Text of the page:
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8 of 17citizenship education. The teachers were urged to take care to use the wor ds and phrases found in the covenant with a certain frequency in general in struction, and thus informally prepared the way for their employment in the recita l of the League's activities. The ultimate goal was for them to assimilate and practi ce these values. Most of them were related concepts of international citizenship, such as cooperation, peace, security, obligation, law, justice, sincerity, repr esentations, voting, aggression, political independence, arbitration, convention, de cision, dispute, mutuality, freedom of conscience, mitigation of suffering, etc The League advocated history as a subject capable o f dealing with international citizenship issues. In its agenda for the second session in 1935, the Advisory Committee on League of Nations Teaching dr ew up a program for the teaching of history. Changes in the conventional hi story teaching were made necessary. It also endeavored to teach internationa l relations and the League of Nations. Its interest in using history to cover cit izenship education indicated the preconceived notion of history as a citizenship sub ject. In the following year, a report was made on The League of Nations and Teachi ng of History and Geography. In it, suggestions were given on how his tory and geography could be used as a tool for teaching the League's notion of citizenship. In Britain, the League of Nations Union was in the position to carry out p romotional work and provide help to teachers. It committed that history "undoubtedly offers ample opportunity for implantin g in the hearts and minds of young people League ideas, such as the gua ranteeing of an international system of law involving the limitatio n of national sovereignty in consequence of the renunciation of w ar as a final argument, the necessity for collaboration between p eoples in the economic and intellectual sphere, and the ideal of humanity and peace." (League of Nations,1936, p. 16) The Association for Education in Citizenship, estab lished in UK in 1935, was another organization which added pressure to in troduce citizenship education into the school curriculum. Having failed to set up a separate subject for citizenship education, its alternative method was t o give impetus to other subjects to cover this area. The Association published Education for Citizenship in Secondary Schools in 1935. In it Doyle claimed history's responsibil ity for the education of a democratic citizen. Four years later it published Education for Citizenship in Elementary Schools In it, Strong made a similar statement: "If it comes as some surprise to certain readers of this book that there are so many subjects in the elementary school curri culum through which it is possible for citizenship to be taught, there are, on the other hand, probably few teachers who would be disposed t o deny that history is the most positively civic subject of all ." (Strong, 1939, p. 112) When the Second World War broke out in 1939, it was assumed that neither education for international understanding nor educa tion for democracy sufficed in itself as an effective mode of citizenship educatio n, judged as peace education. Neither the League of Nations nor the Association f or Education in Citizenship succeeded in their common aim to prevent war.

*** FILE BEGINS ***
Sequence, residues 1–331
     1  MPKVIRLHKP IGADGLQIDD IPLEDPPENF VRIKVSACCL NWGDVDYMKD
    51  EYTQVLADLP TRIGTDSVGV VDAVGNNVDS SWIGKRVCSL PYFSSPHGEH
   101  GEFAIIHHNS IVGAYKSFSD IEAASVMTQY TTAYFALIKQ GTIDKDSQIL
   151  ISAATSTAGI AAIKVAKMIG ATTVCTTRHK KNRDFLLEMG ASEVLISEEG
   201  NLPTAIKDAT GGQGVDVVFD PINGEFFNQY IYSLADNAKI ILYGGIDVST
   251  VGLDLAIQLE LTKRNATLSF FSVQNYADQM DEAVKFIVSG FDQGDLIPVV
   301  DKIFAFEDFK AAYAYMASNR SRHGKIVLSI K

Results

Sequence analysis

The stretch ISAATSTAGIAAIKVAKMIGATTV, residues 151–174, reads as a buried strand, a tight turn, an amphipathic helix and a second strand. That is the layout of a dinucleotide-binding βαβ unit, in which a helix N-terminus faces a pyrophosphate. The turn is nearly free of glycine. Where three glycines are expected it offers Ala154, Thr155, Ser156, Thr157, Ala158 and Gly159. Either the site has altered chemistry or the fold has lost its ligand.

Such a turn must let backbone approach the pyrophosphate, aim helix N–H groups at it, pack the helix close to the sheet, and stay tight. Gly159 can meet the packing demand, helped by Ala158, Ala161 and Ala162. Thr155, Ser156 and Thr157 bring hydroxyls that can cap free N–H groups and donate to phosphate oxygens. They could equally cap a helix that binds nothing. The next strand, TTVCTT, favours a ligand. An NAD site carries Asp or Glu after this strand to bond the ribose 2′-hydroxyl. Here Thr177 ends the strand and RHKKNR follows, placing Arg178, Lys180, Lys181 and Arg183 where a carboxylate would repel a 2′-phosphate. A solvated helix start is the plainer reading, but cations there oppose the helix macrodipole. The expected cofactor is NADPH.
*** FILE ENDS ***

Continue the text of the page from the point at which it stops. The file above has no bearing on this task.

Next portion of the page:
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9 of 17 However, the challenge for history to contribute to world citizenship was more apparent only from 1950 onwards. This was evid ent in Education Pamphlet No. 52 which stated that its aim was to consider wo rld history as an important dimension of history to teach world citizenship. It was indeed a movement which had already shown itself in its introduction into s chools and public examinations. The history syllabi were no longer concerned mainly with British history, or with Commonwealth or European history, but with topics t aken from world history, intended to encourage a better understanding of wor ld affairs. In fact, the main change that world history introdu ced was the attempt to make the world look like a whole. Topics of major c ivilizations in the past or of world significance were treated in their own right, free from bias and impartiality. This type of world history syllabi represented them selves, a new development in history teaching. This was the continuation of the link between history and citizenship education in the context of promoting i nternational and world citizenship of the inter-war period. World history still remained in the history curriculum today. However, the emphasis was not on the teaching of world citizenship but on national history.History as Social Education Social studies movement in late 1940s and 1950s pos ed a challenge to traditional subjects for their contribution to citi zenship education. Through rhetoric and pressure groups, it found itself a place in the school curriculum. Parallel to this movement, geography and history were also reflected as subjects responsible for citizenship education. For example, Norwood Report stated that "It is in such a treatment of history... that we be lieve the best contribution can be made in schools to the growth o f an informed democracy... the instruction (i.e. citizenship) spr ings most naturally from the study of ordinary school subjects, particu larly history...." (HMSO, 1943, p. 100) Among historians, Burston argued that "there are few who would doubt that history can hel p to make our pupils better citizens. Some go farther, and say th at if history is properly taught, no new subject, such as civics is needed." (Burston, 1948, p. 225) Burston's conclusion was that "History imparts that touch of intuition which the sagacious citizen needs in handling the future, and we must never for get that the citizen's task is invariably to decide future polic y, rather than to pronounce judgment on the past." (Burston, 1948, p. 239) While there was evidence supportive of history as a subject for citizenship education, history was also facing a tough challeng e within itself and from social studies. In 1950, the Incorporated Association of A ssistant Masters (IAAM) reported that the methods of history teaching had b een attacked in the light of new ideas about the aims of education and about the con tent of curriculum. At the same